President Reagan's new plan to stimulate growth in the nuclear power industry encountered a surprise roadblock yesterday in a federal appeals court ruling that a state has an "inherent" power to prevent construction of nuclear plants "inconsistent" with its need for power or with its environmental or other interests.

Administration energy experts indicated that the president was unaware of the decision, released in San Francisco late Wednesday, when he announced his program the next day.

The U.S. Atomic Energy Act of 1954 "does not preempt state laws enacted for purposes other than protection against radiation hazards," Judge Betty B. Fletcher wrote for a unanimous three-judge panel of the 9th U.S. Circuit Court of Appeals.

The decision, a defeat for the nuclear and utility industries, rejected contentions by two California utilities that the law gives the Nuclear Regulatory Commission sole authority to regulate "for all purposes" the construction and operation of nuclear plants.

"The states are permitted to treat nuclear plants exactly as they would all other power plants," Fletcher wrote.

In addition, the opinion said, the 1977 amendments to the Clean Air Act "give states the authority to regulate radioactive air emissions from nuclear plants. States may, if they wish, establish emission standards more stringent than those imposed by the NRC."

While Reagan was saying he would press for swift installation of permanent facilities for disposal of commercial radioactive wastes, the court was recognizing the muchdisputed right of a states to block new nuclear power plants until it considers the disposal problem to be solved.

Referring to NRC positions in other cases, the court said agency has agreed that the amendments empower a state to "prevent nuclear plants from being built at all." The NRC, for unexplained reasons, was not a party to the case and had no immediate comment.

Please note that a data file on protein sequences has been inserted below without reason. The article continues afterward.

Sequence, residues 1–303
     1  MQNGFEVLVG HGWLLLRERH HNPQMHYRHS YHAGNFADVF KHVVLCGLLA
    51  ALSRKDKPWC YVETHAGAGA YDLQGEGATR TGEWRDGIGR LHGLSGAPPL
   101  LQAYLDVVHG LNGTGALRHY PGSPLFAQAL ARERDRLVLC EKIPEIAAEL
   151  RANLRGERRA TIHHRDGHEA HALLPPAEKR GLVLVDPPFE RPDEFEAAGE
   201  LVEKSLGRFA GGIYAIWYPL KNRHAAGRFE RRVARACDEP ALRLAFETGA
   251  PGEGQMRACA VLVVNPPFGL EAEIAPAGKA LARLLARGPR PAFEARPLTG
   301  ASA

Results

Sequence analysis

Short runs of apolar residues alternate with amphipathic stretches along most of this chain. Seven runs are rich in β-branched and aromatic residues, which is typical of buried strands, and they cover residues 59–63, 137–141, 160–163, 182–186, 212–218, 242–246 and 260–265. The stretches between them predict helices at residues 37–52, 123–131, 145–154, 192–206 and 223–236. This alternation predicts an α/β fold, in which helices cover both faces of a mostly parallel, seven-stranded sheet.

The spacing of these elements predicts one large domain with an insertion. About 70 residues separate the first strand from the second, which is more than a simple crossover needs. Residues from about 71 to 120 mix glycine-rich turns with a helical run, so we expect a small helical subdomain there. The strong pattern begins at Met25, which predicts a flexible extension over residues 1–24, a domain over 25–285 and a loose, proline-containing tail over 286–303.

The decision's deference to state authority "may represent a serious obstacle, not to Congress's plan, but to the Reagan Administration's plan," according to Harvard law Prof. Laurence H. Tribe, who was lead appellate counsel for the victorious California state energy commission.

The decision is almost certain to be appealed to the Supreme Court, which may routinely ask the Justice Department for its views.This could create a dilemma for an administration that advocates states' rights while its Department of Energy holds to the position rejected by the appeals court -- that the Atomic Energy Act preempts state regulatory powers.

"If the administrtion really means to advocate nuclear development and commercial use independent of state preferences and concerns, then its two positions are at war with each other," Tribe said.

The DOE had no immediate comment. Neither did the Atomic Industrial Forum, an international industry association based in Bethesda, which had filed a pro-utility friend-of-the-court brief.

The case directly involves California's state energy regulatory scheme, probably the nation's most sweeping and comprehensive. In separate cases, two federal trial judges agreed with two utilities and the nonprofit, business-oriented Pacific Legal Foundation that the legislation improperly impeded construction of nuclear plants.

After two state attorneys general refused to defend the legislation, Gov. Edmund G. (jerry) Brown Jr. sided with the state energy commission, which enlisted Tribe for the successful appeal to the 9th Circuit.

Supporting California with friend-of-the-court briefs were 23 states, including Maryland, West Virginia, Pennsylvania, New York and Massachusetts.